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Headshot of Jeffrey Simpson. (Brigitte Bouvier/Brigitte Bouvier/For The Globe and Mail)
Headshot of Jeffrey Simpson. (Brigitte Bouvier/Brigitte Bouvier/For The Globe and Mail)

Jeffrey Simpson

We need embassies in countries like Iran Add to ...

In 1956, Soviet leader Nikita Khrushchev threatened the West. “We will bury you,” he declared.

The capitalist system would self-destruct of its own contradictions, but, to move things along, the USSR would encourage “national liberation” movements, supply arms to anti-colonial insurgents, play footsie with “terrorists” and, of course, build up a huge nuclear arsenal with which to threaten Western countries. It would also crush dissent in Poland, Hungary and Czechoslovakia.

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The Cold War remained cold for a long time after Mr. Khrushchev’s burial pronouncement. The Soviets were the West’s enemy, and Canada was anchored in the Western alliance. We stationed troops in Europe, developed an Arctic detection and intercept capability, and generally considered the Soviets hostile to the world we wanted.

Yet, Canada always maintained an embassy in Moscow. We staffed it for 16 years with an ambassador, Robert Ford, who translated Russian poetry, knew the Soviet leaders as well as any Westerner and became the dean of the Western diplomatic corps. He was to Canada what George F. Kennan was to the United States: the indispensable man on the USSR.

Why did Canada, whose country had nuclear weapons aimed at it by the Soviets, keep an embassy there? Surely, it wasn’t in the vain hope that Mr. Ford and his team would cause the Politburo to change how it saw the world. No, it remained open, despite overwhelming differences between the Soviet Union and Canada, to gather information, better understand (insofar as was possible) what was happening inside the government and country and, therefore, to offer information to Ottawa about how best to respond to Soviet developments in the furtherance of Canada’s interests. The embassy was there, in short, to do diplomacy.

In 1970, the Trudeau government established diplomatic relations with “Red” or “Communist” China, something most other Western countries hadn’t done, although the Diefenbaker government had authorized shipments of Canadian wheat to China at least a decade earlier.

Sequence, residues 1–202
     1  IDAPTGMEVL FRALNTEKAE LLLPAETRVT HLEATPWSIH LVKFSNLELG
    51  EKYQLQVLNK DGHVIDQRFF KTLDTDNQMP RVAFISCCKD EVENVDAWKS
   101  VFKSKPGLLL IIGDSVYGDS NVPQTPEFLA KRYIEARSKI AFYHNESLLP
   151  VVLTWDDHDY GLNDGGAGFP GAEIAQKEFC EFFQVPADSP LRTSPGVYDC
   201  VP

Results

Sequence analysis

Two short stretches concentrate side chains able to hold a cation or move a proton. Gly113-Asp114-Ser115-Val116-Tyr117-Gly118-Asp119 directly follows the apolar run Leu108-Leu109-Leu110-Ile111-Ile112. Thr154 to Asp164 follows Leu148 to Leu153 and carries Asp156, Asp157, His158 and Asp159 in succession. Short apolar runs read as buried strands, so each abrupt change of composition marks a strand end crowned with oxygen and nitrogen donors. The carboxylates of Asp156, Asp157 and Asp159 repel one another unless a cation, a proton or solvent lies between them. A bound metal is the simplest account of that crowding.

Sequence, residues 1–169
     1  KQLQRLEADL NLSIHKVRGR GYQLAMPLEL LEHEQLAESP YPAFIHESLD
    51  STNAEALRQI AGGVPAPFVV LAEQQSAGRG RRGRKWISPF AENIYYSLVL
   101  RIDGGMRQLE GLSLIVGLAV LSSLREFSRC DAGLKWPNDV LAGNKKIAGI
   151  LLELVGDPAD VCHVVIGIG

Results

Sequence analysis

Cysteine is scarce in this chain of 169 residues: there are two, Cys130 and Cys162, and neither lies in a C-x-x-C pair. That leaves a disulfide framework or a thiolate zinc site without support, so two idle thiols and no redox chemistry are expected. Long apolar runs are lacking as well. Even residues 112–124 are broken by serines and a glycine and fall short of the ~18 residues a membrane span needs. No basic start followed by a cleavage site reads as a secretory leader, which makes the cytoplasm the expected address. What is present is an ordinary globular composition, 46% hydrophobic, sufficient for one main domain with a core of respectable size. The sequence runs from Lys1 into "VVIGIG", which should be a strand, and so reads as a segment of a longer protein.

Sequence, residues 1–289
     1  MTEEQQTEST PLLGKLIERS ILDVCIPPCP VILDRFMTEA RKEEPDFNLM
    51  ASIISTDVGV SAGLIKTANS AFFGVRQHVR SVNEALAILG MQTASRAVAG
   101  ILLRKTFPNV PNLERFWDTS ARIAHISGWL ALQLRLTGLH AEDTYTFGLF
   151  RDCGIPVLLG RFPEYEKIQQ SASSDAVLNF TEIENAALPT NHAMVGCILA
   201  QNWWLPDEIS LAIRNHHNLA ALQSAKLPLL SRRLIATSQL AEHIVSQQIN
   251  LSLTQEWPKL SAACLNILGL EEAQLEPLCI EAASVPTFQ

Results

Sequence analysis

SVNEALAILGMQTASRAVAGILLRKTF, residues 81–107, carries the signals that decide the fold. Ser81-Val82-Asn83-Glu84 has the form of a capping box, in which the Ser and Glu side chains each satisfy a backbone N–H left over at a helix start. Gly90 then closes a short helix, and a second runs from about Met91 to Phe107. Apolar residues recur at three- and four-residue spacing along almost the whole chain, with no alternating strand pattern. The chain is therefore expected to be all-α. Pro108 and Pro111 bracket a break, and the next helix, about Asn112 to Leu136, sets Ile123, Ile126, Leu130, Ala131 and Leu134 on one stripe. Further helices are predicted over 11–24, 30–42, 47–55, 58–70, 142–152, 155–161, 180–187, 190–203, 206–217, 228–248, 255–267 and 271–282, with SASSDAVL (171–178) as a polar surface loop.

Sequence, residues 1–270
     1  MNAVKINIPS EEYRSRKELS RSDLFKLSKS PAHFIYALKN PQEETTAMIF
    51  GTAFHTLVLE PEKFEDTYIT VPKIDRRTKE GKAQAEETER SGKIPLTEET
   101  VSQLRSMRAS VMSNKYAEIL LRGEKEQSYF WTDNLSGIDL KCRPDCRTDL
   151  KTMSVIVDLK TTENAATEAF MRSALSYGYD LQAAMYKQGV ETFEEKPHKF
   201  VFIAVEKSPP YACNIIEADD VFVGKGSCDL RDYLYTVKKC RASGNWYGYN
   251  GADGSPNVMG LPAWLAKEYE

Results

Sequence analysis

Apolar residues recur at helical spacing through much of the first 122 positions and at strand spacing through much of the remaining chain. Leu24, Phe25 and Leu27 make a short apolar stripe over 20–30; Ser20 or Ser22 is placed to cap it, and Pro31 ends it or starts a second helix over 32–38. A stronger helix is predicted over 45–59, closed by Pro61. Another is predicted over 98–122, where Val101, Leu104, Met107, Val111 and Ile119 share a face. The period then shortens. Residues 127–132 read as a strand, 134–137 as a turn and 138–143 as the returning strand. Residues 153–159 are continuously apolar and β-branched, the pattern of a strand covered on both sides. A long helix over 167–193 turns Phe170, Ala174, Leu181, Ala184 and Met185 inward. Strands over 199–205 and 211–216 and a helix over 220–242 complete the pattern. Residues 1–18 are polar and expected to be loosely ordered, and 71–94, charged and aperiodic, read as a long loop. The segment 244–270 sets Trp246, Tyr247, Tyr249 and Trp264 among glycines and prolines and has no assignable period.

When the embassy did open, Mao’s China was raining daily rhetorical thunderbolts on the West. It fought wars of varying intensity with the Soviet Union and India, and in Korea. It was pledged to overturn the world order.

Yet, Canada opened an embassy there, despite the rhetorical enmity of Mao’s China and the bloody regime that had led to the deaths of tens of millions of Chinese people. Canada established diplomatic relations, with personnel on the ground for the same reason Canada had kept an embassy in hostile Moscow: to listen, learn, interact, inform and, if necessary, protect Canadians. Again, no one was under any illusions that Canada would “influence” Maoist China to adopt Western values or institutions.

The Soviet Union and China were “enemies” of Canada and appeared to threaten the world order Canada preferred. But we kept embassies there, and we tried to improve our understanding of what was going on in complicated, hostile, places, because that’s a cardinal reason for practising diplomacy. Canadian governments always understood in these, and many other, instances (such as Cuba or South Africa) that diplomatic relations didn’t mean agreement, let alone concurrence, in the domestic or international practices of other countries.

Which brings us to Iran, and the Harper government’s sudden decision to throw out Iranian diplomats and shutter Canada’s embassy in Tehran. Iran is an exceptionally complicated country with many factions and diverse political opinions below the surface and sometimes on the streets, as witnessed when two million people demonstrated in 2009 against a fraudulent electoral result. Its political system is almost as complicated as the U.S. one; its theocratic leadership is mysterious; and the inferiority complexes of Shia Islam produces what one observer correctly calls a “lachrymose intransigence.”

Iran is a hard country to fathom, with a government whose foreign policy is objectionable, even potentially menacing. It’s also a country that can’t be ignored and needs to be analyzed as correctly and as independently as possible – work more easily done from Tehran than from Ottawa. That is, unless you have a government that doesn’t wish to analyze grainy reality but to shun the real work of diplomacy and stand on the shaky certitudes of ideology.

 

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